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Examining the quality factor

Former hedge fund manager Stephen Clapham explores ways of identifying quality stocks
Examining the quality factor

I try to read widely, as I think it’s essential for investors. Some fund managers produce excellent content and I am therefore sharing some thoughts from my review of two studies looking at quality stocks. The first is Amundi Asset Management’s Revisiting Quality Investing, a 100-page paper from last year. The second is a study by Invesco which its chief investment officer (CIO) recently discussed at a conference.

The Amundi paper set out the best way to define quality as a factor. Stocks were grouped into quintiles according to various quality criteria and their performance following the global financial crisis analysed, from 2007-20. There was a striking difference between the lowest and highest quality stocks:

The authors divided the quality baskets into different factors – based on profitability, safety, earnings quality and investment – see diagram.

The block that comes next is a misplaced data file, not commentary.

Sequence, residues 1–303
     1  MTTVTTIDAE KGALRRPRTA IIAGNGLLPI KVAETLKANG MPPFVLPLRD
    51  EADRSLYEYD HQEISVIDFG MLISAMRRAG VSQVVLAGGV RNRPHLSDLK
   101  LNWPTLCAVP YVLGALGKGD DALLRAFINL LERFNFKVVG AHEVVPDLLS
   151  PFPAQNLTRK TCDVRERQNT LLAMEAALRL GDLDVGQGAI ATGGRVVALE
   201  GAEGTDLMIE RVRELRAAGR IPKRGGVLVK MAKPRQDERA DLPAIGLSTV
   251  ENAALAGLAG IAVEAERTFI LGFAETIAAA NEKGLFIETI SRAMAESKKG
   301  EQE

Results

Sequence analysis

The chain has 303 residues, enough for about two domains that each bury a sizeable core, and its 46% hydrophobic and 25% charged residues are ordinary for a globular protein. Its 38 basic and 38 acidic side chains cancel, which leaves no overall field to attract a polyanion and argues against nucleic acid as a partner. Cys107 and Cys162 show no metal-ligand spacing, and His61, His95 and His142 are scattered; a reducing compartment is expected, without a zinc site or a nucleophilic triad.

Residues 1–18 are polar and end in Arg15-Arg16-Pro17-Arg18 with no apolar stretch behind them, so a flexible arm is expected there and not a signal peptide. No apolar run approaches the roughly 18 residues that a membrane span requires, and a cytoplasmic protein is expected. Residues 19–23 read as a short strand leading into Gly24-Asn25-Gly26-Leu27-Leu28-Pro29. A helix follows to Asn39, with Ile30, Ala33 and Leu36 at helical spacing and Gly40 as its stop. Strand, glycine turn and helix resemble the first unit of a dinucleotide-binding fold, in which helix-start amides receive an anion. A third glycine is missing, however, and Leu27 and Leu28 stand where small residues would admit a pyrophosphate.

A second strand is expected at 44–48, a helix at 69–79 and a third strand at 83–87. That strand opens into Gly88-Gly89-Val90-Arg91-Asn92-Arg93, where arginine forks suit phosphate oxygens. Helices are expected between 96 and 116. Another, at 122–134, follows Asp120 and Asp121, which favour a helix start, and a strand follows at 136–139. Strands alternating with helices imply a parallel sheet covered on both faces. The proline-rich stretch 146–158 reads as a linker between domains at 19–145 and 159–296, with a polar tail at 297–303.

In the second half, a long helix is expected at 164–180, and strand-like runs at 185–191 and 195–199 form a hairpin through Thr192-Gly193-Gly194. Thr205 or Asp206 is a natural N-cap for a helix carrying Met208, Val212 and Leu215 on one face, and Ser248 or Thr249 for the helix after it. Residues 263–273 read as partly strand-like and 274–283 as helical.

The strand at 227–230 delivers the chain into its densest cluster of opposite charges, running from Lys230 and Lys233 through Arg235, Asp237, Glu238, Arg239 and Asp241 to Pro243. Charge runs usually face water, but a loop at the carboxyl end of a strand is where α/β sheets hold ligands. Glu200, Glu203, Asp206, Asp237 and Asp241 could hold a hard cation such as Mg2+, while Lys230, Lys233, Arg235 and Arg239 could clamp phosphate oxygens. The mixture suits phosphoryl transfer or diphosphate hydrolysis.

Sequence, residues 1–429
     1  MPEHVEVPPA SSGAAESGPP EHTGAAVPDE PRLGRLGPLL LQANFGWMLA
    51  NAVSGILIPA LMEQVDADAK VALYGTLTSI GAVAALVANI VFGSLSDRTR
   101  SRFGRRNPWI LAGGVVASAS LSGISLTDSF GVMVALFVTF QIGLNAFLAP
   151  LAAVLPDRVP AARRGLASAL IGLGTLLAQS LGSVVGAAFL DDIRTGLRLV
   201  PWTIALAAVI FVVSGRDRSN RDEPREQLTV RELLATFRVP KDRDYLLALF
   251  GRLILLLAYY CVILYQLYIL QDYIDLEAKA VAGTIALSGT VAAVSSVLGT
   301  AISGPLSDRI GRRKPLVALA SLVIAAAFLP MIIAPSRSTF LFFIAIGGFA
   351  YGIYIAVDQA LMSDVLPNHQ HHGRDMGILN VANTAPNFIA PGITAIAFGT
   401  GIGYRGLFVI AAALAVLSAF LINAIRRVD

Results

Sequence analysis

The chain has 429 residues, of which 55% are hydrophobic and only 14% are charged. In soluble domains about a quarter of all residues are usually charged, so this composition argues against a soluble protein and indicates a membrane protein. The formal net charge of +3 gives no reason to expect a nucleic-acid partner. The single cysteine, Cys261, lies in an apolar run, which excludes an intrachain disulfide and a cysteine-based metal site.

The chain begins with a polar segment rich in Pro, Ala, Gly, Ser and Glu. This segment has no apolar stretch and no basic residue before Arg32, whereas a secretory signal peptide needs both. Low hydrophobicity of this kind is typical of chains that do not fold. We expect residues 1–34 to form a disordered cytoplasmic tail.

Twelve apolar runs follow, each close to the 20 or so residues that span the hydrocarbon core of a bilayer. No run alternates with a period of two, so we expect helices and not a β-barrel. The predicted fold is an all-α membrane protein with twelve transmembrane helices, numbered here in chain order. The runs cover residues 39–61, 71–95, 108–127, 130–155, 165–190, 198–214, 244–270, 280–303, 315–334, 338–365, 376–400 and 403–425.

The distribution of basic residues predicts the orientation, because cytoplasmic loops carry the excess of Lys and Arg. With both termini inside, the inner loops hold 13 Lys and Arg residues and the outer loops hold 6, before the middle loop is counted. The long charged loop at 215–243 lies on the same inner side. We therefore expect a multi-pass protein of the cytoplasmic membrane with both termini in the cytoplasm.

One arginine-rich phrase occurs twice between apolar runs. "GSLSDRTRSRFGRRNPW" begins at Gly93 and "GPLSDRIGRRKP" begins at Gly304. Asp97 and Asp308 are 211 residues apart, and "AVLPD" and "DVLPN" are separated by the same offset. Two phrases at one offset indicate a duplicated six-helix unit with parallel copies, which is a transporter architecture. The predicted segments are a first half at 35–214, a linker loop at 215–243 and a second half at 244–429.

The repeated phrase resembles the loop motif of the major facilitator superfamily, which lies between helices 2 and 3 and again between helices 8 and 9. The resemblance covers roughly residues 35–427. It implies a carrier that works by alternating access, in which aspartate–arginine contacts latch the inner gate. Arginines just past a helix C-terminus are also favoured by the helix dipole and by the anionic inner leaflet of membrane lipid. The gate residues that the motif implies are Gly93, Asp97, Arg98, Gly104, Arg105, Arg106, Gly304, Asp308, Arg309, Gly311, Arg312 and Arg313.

By using two metrics to define each factor, there is less chance of misclassification (whether these are the best bases to look at is a subject for another article). The results in performance terms for each are shown in the chart, again breaking each factor into quintiles.

The profitability metric, which is really a returns-based metric, shows the most significant performance variation between best and worst quintiles, and it’s here we should focus. The authors suggest that the risk-adjusted return will improve by using all the factors together as shown in the multi-dimensional scores in the table, but while multi-dimensional might be more effective for quants funds, it’s obviously of less use to private investors.

The table highlights a small improvement overall in returns and a lower volatility, but it’s not consistent across geographies and I just don’t think many serious investors care as much about volatility as the academics (and perhaps some wealth managers).

Table 1 Factor-based performance statistics, June 2007-May 2020
 Multi-ProfitabilityEarningsSafety Investment
 dimensional quality  
Global     
Ann. Return8.20%7.70%4.20%4.40%2.90%
Ann. Volatility6.10%7.10%6.20%7.30%8.00%
Risk-Adj. Return1.341.080.680.60.36
North America     
Ann. Return9.40%8.70%5.70%5.10%1.70%
Ann. Volatility8.30%9.20%7.20%9.50%11.30%